Vienna, November 11
I have just come out of Budapest, where for six days I have watched Hungary’s new-born freedom tragically destroyed by Soviet troops.
There was general agreement among us at the Duna that the wisest thing was to take shelter in the British Legation, five minutes’ walk away. There was a Soviet ultimatum threatening to bomb Budapest, and the Legation cellar offered protection against anything but a direct hit. Basil Davidson lay in bed reading Tacitus and refusing to get up; but eventually he accepted the majority decision. Crossing Vörösmarty tér while tank-fire rattled and jets screamed overhead I recalled with a pang of nostalgic regret the last time – only in August, but it seemed an epoch ago – I had drunk coffee at the famous pavement café, now closed and deserted.
Vast areas of the city – the working-class areas above all – are virtually in ruins. For four days and nights Budapest was under continuous bombardment. I saw a once lovely city battered, bludgeoned, smashed and bled into submission. To an one who loves equally the Socialist Soviet Union and the Hungarian people it was heart-breaking.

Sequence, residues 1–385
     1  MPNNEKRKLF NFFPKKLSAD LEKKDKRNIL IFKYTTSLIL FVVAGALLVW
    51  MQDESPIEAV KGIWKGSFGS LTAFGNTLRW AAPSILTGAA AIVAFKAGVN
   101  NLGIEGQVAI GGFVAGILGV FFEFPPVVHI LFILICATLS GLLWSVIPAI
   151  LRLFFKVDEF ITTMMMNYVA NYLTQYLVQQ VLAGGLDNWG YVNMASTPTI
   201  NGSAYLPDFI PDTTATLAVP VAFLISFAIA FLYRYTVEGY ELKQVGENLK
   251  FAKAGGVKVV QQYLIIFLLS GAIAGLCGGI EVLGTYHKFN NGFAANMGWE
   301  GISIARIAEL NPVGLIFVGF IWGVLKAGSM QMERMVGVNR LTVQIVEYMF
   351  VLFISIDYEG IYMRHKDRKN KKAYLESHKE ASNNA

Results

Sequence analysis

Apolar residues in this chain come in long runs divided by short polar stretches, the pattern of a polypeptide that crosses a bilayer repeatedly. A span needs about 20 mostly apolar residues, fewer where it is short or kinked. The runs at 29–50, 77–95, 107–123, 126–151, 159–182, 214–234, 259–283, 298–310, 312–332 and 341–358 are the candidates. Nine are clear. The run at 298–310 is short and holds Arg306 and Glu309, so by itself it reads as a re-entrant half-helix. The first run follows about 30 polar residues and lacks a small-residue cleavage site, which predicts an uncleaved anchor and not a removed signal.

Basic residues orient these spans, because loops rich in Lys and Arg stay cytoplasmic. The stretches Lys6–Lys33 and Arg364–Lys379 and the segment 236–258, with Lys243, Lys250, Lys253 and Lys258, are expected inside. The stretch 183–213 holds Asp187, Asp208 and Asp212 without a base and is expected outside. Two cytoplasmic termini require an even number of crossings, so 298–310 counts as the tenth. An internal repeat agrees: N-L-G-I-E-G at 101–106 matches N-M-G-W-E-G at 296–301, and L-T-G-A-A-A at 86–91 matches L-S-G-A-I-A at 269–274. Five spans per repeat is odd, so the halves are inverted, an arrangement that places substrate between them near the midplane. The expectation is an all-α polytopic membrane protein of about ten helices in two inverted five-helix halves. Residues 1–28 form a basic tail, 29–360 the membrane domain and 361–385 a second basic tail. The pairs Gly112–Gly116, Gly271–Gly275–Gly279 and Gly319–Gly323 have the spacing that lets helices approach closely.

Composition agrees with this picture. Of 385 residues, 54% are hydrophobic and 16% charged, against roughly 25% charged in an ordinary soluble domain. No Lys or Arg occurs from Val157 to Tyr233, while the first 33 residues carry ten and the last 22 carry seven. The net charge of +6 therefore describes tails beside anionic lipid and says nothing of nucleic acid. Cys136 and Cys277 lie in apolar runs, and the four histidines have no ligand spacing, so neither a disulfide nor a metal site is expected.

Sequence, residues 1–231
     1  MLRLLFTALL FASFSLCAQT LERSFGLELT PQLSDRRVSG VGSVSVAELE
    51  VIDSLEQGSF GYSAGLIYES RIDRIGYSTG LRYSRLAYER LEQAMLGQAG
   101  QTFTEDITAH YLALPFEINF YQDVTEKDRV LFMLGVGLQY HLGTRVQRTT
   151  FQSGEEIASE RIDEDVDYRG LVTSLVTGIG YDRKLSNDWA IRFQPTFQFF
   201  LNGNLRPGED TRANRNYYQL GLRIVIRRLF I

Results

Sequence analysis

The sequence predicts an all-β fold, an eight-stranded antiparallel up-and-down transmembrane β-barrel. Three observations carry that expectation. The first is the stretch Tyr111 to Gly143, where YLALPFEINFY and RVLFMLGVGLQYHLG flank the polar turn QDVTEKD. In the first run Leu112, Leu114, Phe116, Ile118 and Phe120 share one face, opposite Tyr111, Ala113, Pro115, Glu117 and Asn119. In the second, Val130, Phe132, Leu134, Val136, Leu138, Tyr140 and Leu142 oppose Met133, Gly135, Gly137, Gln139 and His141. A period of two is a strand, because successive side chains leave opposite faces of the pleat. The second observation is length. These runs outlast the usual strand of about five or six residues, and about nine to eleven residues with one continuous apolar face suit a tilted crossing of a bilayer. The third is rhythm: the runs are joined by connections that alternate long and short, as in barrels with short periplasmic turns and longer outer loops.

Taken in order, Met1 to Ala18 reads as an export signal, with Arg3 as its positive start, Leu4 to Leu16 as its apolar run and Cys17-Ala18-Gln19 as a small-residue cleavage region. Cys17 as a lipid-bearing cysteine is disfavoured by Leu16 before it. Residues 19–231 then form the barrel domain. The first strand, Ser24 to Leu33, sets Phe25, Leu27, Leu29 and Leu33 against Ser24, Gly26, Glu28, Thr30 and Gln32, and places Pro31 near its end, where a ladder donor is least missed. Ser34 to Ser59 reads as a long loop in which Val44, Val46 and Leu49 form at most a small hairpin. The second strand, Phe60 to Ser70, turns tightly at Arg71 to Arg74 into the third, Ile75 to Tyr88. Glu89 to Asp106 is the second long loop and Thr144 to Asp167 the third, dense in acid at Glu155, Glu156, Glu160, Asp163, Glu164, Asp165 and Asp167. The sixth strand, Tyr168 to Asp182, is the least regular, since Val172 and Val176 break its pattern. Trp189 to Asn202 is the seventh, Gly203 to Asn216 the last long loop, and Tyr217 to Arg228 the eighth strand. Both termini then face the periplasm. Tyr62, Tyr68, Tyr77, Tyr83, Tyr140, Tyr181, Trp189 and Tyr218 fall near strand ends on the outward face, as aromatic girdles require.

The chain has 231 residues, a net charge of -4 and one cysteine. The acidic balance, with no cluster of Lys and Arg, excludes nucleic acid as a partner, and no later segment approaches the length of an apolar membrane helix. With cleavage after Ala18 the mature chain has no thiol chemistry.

Each day the tanks patrolled the city, shelling the buildings at point-blank range. Each night they withdrew, but the heavy artillery kept up its thunder. Inside the Legation tempers frayed. The Minister, Mr. Fry, delivered a tirade against the Daily Worker and its luckless correspondent. Ivor Jones of the BBC and Davidson soothed us both – by Tuesday we could leave the Legation during the day and reconnoitre. Five minutes’ walk eastwards the havoc began.
The people of Budapest are hungry today. Many are almost starving. By eight each morning hundreds of thousands are standing in long silent queues all over the city waiting for bread. Shops and restaurants are still closed, and the workers refuse to end their general strike, despite frantic appeals by the new ‘Workers’ and Peasants’ Government.
Back at the Duna I found my room strewn with broken glass. A corpse lay on the opposite pavement. Breakfast was one slice of bread and one cup of tea. Other meals were scanty, too. The citizens of Budapest must have had less. No one believed the tale that Kádár’s Government, miles away at Szolnok for the first few days, had invited this holocaust.